More great teaching and Biblical application from Pastor Douthwaite, preaching on Mark 4:35-41, about the storm on the Sea of Galilee, with Jesus being, literally and figuratively, “in the same boat” with the disciples.
From Rev. James Douthwaite, St. Athanasius Lutheran Church: Pentecost 4 Sermon:
When you’re on a boat out in the middle of the sea, there’s no place to go if something goes wrong. Think of all the cruise ship horror stories that have been in the news the past couple of years. When there’s a fire on board, there’s no place to go to get away from it. If the engines die or there’s a power failure, you can’t just call the repairman. When sickness starts to spread and overtake the ship, there’s no place to avoid it. All around you is just water, maybe for as far as the eye can see, dividing you from land, separating you from others, and threatening to swallow you up.
On land, it’s different. There’s usually someplace you can go if something goes wrong. If a tornado threatens, the folks in tornado alley have shelters they can take refuge in and be protected. If a hurricane nears the coast, or flooding threatens, you can evacuate inland and get away from the worst of it. Or if there’s fire or power problems, there are people you can call for help and who are ready to come quickly. But when you’re out on the water, there’s no place to go. When you’re out on the water and all you can see is water on all four sides, then what?
Well then you are exactly where Jesus wants you. That when you have no place to go, you go to Him.
And so we heard in the Holy Gospel today of the disciples in a boat, out on the Sea of Galilee. Some of them, at least, were experienced fishermen; experienced on being out on the water and how to handle it. But the storm that arose that day was a doozy! Even more than they could handle. We’re not told everything that happened and the exact sequence of things, but undoubtedly they tried their best to handle the situation, doing what they had always done when storms arose, and what they knew needed to be done. But still they found themselves in danger, against a storm – or maybe it was a superstorm, like what devastated New Jersey and New York a couple years ago. And it was too much for them. There was nothing they could do and they had no place to go.
So finally they go to Jesus. Teacher, do you not care that we are perishing? they ask. It’s a plea for help disguised under an accusation. And so it’s a plea for help without having to humble themselves or admit their weakness.‘Cause we don’t like to humble ourselves or admit we need help or cannot do something. That’s why if you ask a child to help you move something, they will always try to carry the biggest thing. Or why men (usually men) in pre-GPS days would rather drive around lost for half an hour before stopping and asking directions. It’s a pride thing; a self-sufficieny thing; an “I can do it” thing. Which in worldly matters, maybe yes, maybe no. But in spiritual matters, a definite no. And in spiritual matters, a deadly thing.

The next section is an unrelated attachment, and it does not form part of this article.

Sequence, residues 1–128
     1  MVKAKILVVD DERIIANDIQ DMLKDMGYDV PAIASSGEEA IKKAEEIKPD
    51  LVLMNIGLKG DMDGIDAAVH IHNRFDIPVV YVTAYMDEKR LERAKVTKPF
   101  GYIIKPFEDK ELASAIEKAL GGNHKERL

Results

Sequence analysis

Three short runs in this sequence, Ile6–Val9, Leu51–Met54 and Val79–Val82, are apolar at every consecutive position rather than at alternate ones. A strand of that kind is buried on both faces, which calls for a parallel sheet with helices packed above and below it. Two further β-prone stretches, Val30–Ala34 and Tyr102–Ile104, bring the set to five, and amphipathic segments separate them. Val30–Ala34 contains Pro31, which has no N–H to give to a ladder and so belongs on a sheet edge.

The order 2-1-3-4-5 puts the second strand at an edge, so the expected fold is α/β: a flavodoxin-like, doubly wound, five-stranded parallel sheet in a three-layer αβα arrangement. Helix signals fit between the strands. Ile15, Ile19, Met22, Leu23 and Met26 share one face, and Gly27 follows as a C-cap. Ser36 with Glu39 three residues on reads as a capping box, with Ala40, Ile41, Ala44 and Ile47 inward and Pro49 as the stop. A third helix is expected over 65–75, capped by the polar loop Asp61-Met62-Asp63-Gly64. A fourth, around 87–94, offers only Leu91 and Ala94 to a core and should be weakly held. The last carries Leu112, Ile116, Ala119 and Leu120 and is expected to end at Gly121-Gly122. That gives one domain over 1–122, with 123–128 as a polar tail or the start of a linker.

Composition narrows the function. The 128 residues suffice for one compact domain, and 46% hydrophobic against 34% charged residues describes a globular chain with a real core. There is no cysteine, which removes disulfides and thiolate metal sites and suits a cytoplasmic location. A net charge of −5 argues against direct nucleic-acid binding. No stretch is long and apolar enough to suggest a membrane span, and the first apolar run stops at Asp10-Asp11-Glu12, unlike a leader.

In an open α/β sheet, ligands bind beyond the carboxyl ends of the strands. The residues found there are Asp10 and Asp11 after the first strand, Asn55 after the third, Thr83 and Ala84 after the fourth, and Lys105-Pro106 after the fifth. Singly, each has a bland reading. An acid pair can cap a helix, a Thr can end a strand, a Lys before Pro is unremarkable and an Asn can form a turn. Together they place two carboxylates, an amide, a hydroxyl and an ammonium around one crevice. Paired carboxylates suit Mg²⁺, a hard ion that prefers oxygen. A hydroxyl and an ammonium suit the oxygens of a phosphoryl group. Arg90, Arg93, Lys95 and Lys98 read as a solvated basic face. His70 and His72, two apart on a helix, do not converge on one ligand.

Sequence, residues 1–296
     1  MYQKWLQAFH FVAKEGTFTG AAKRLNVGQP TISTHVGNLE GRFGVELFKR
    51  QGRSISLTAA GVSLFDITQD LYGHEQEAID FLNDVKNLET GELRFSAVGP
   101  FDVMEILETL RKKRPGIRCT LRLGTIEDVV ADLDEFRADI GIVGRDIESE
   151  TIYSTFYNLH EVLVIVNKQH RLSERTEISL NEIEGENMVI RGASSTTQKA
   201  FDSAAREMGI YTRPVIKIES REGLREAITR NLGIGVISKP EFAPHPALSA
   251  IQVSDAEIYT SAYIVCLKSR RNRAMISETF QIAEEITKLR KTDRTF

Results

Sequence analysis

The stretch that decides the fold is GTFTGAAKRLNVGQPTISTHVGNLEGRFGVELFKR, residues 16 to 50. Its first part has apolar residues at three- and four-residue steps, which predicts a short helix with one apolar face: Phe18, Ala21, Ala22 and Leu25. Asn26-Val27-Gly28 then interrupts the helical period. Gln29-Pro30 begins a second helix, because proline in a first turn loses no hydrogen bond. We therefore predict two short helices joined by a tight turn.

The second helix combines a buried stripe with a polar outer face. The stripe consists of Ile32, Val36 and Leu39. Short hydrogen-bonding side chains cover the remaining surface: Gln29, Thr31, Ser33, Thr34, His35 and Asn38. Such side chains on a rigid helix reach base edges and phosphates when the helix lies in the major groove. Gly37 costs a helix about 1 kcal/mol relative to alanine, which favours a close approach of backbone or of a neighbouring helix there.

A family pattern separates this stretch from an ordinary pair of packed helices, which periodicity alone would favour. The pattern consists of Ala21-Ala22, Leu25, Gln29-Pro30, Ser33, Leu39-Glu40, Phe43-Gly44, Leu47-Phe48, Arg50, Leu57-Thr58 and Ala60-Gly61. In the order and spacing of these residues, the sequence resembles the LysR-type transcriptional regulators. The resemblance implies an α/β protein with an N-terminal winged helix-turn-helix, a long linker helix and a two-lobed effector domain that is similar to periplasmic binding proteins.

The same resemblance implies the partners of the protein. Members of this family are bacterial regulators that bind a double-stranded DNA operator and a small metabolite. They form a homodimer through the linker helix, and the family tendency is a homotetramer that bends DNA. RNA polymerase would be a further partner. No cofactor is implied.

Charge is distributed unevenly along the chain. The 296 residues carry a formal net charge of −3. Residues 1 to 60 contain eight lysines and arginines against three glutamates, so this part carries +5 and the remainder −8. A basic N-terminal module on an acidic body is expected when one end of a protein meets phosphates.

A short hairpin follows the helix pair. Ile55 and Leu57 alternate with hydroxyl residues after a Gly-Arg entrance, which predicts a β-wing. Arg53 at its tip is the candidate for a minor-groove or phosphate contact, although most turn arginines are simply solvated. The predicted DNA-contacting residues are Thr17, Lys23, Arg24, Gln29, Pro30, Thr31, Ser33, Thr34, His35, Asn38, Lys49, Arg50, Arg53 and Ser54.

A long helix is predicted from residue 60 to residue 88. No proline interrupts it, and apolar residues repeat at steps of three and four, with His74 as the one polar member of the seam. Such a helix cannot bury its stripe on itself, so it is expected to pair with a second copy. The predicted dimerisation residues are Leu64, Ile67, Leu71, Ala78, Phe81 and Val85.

And so a spiritual stubbornness in us that needs to be killed. So that we have no place to go but to Jesus. . . .For the very reason Jesus was in the boat with them was that He cared that we were perishing. His very presence was the answer to their question, Don’t you care? But I don’t mean the fact that He was in the boat instead of somewhere on shore – I mean the fact that the very Son of God had become flesh and was dwelling with us, living with us, in our sin and weakness and stubbornness and sinfulness; in our peril and danger. His presence in our world proved that He cared, and that He would do everything necessary to save us who are perishing . . . even be swallowed up for us, by death.Don’t you care that we are perishing? What a question! Jesus does nothing but care. His teaching, His miracles, His compassion, and His rebuking, His discipline, and the troubles and crosses He sends – all are because He cares. To kill our pride so that we repent. To humble us so He may lift us up. To expose how foolish our pride and our ideas of self-sufficiency so that we rely on Him. That when we have no place to go (and when it is God who maybe puts us there), we know we always have someplace to go – to Him. For He is the One who is able to help, who wants to help, who will help, and has come to help. For who is this? the disciples asked. The very Son of God, in human flesh, to save you.For it’s easy to go cruising through this life (yes, pun intended!) when the waters are calm and the livin’ is easy. It’s when trouble hits that faith is revealed . . . and who your faith is in. And that’s true for you as an individual Christian, or when we’re all together in the boat, as the Church. So when the troubles come, when the storms hit, and they show your weakness or that you’ve been going along really with faith in yourself, thanks be to God! That we turn to Him now and rely on Him now.Or as St. Paul put it: Folks, now is the favorable time; behold, now is the day of salvation. And so we humble ourselves now and repent of our sin now, and receive His forgiveness and life now. We remember our baptism now, and know that those waters aren’t meant to make us good swimmers, but to kill the old sinner in us and give us a new life. We hear the Word of God proclaimed now, calling us to faith in Him and not in ourselves. And we feed now on the food our Lord gives us, His answer for all time to the question: Don’t you care that we are perishing? He replies: This is My Body, This is My Blood, given and shed for you for the forgiveness of sins – that’s how much I care. Give and shed for your wrong faith, for your pride, for your vain self-sufficiency. This is My Body, This is My Blood, given and shed for you because I do care. So, now, depart in peace.Peace. The same Word spoken to the wind and the sea, now spoken to you and your heart. Whatever troubles you, whatever is frightening you, whatever is threatening you, whatever is haunting you, whatever worries you, your past, your present, or your future . . . peace. You have the One who is greater than all. Or perhaps better to say, He has you. He has you in His hands, in His eye, in His heart.Is sin the problem? Jesus died for your sin on the cross. It has been paid for, atoned for. You are forgiven. Peace.Is death the problem? Jesus died your death and then broke it’s power in His resurrection. It cannot hold you anymore. When you die your life will continue, new, in Jesus. You will rise with Him. Peace.Or is life the problem? ‘Cause no matter how hard you try, you just can’t do it? You keep falling into the same traps and temptations? You keep messing up and failing and kicking yourself? Peace.It’s not up to you. Jesus has done it. All that is necessary for you and your salvation. And He’s in the boat with you. Though ascended into heaven, He has not left, but is here, as He promised. And He sent His Spirit, as He promised. And He is coming again, as He promised. Because He does care. Always. And He’s not stopping. Ever.Sometimes it takes a storm to teach us that again, and to expose us again. If so, how fortunate we are to have a God who sends us not just nice weather, but those storms that we need. And who even more, is with us Himself in them. To see us through. To give us peace. To save. That we never have no place to go, but at all times and in all places go to Him who came to us and is working all things for your good.